By Peter Russell
Originally published in Skin Deep, March/April 2009.
Some years ago, I was conducting a “Wisdom of the Dolphins” workshop in Hawaii, where we swam with wild dolphins off the Kona coast each day.
One day, I suddenly realized I was a long, long way from the boat. I felt myself moving into a slight panicky mode because I’m not a strong swimmer. I had been caught in Hawaiian currents before and nearly drowned, so I’m very respectful of them. Trying not to panic, I started swimming back in the direction of the boat, which was now just a tiny speck on the water. I was thinking, “I’ve got to get back toward safety, toward the boat.” Suddenly, the dolphins appeared beneath me.
I was amazed to find all sense of fear and anxiety in me evaporated instantly. Often, when I’m recovering from that kind of fearful reaction, the anxiety gradually dies away. But in this instance, as soon as I saw the dolphins, the anxiety just switched off. One moment it was there, the next it was gone.
I found myself turning around and swimming back out to sea, away from the boat, following the dolphins beneath me. The voice in my head was saying, “You’re crazy. You’re a long way from the boat and security and you know how dangerous these currents are. What are you doing swimming out to sea with the dolphins, away from safety?” But I knew deep inside that I was totally safe, that everything was absolutely OK. I found that instant shift in consciousness quite fascinating. I swam with the dolphins a while longer, and needless to say, I did make it back safely.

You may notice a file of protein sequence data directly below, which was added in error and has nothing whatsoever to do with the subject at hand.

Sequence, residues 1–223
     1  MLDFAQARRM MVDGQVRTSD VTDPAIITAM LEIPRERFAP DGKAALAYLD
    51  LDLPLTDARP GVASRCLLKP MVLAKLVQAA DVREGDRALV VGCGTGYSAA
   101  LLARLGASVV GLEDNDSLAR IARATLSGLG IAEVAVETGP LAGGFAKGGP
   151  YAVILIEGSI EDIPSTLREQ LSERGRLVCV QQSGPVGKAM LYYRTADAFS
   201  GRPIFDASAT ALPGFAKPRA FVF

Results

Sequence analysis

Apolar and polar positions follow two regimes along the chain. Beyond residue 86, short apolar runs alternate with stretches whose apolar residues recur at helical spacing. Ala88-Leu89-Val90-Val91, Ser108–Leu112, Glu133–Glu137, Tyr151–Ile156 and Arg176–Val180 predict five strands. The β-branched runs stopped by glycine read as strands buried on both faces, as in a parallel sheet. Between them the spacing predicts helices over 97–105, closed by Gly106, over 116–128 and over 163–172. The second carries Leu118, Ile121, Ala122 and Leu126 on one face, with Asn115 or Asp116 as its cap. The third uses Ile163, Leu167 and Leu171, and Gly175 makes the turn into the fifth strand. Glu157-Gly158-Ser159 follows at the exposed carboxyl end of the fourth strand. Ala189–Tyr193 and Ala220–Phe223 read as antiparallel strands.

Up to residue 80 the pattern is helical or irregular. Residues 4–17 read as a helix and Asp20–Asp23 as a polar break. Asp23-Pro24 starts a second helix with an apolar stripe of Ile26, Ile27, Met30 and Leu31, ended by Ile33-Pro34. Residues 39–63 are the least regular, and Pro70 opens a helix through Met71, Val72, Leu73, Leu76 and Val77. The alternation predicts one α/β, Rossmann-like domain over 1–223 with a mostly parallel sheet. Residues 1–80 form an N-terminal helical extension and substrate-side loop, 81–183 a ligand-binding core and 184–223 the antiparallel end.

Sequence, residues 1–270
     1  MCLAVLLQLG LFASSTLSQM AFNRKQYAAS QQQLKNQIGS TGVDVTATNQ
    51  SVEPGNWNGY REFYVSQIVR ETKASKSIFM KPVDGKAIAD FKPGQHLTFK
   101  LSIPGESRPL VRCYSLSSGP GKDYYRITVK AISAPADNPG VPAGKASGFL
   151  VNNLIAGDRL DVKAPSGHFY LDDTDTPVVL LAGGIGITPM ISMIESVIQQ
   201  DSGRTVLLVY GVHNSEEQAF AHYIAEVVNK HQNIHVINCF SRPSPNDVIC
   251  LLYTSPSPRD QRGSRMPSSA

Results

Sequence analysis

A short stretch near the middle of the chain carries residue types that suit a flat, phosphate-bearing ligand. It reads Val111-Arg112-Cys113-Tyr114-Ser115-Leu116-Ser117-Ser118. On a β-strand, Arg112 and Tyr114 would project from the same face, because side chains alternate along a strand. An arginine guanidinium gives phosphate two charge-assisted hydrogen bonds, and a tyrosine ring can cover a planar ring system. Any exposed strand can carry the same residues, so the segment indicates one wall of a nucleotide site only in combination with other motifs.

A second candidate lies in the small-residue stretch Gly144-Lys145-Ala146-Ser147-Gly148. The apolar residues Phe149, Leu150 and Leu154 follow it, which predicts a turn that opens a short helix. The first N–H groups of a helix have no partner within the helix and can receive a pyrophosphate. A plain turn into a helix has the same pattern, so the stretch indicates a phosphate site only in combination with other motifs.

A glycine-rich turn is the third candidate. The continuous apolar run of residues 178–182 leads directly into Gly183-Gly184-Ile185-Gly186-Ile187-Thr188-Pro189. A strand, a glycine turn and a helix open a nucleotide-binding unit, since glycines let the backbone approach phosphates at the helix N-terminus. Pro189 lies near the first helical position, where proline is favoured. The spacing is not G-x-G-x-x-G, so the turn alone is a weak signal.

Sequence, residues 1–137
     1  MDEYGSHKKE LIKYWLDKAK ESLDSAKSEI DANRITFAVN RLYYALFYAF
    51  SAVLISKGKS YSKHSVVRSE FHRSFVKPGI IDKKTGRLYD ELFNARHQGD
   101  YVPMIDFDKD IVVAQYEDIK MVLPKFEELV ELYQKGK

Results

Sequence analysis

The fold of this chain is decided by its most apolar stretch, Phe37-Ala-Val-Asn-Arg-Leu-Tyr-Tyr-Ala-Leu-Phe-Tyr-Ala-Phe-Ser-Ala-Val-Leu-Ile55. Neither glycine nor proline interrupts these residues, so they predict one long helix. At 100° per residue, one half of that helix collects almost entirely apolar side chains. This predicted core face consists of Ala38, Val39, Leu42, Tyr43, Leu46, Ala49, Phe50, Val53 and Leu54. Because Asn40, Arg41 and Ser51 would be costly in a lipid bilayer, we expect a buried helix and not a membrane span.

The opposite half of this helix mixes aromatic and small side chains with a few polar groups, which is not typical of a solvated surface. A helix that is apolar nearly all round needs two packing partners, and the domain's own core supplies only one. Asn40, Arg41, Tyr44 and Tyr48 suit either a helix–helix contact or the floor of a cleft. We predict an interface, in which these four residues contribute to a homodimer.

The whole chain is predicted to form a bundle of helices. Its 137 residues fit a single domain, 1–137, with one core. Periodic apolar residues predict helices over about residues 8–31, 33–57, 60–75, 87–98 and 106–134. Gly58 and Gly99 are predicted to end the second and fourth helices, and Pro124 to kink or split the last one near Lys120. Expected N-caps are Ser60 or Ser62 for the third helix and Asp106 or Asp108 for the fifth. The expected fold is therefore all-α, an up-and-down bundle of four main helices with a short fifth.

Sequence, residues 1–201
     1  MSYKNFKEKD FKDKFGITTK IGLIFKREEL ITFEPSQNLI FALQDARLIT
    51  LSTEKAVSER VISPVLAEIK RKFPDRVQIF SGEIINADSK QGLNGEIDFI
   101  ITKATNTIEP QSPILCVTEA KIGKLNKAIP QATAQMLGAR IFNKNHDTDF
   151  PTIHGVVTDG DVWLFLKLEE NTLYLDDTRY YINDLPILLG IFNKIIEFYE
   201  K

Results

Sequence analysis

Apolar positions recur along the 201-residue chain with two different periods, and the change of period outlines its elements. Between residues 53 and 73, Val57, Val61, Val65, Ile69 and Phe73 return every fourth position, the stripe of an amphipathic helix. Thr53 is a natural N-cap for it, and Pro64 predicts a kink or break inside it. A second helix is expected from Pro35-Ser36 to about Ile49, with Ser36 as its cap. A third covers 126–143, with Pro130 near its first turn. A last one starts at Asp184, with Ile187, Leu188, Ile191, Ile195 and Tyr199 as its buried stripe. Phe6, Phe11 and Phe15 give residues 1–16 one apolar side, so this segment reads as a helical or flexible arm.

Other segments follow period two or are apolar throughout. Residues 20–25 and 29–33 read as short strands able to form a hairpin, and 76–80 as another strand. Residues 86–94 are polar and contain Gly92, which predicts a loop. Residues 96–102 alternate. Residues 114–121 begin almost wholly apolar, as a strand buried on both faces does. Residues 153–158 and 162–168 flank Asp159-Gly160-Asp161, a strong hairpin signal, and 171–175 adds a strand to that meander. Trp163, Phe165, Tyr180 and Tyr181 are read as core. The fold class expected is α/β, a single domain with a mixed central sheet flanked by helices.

When it was time to leave, we all climbed back into the boat and started it up. The dolphins stopped what they were doing, swam over to the boat, leapt around it and then followed us back a bit before swimming off. They had welcomed us and now acknowledged our departure. It was a magical experience and one that had a deep impact on me afterward.
I’ve swam with wild dolphins a number of times, and I’ve noticed in the days afterward, I’m changed. This time, two days later, I was giving a lecture, and I noticed myself feeling a different sense of freedom as I spoke. In fact, I gave four lectures over the next week that all had a different feel to them. I felt spontaneous, alive, and supported in some way. I had this sense that the peace and sacredness of my time with the dolphins had stayed with me.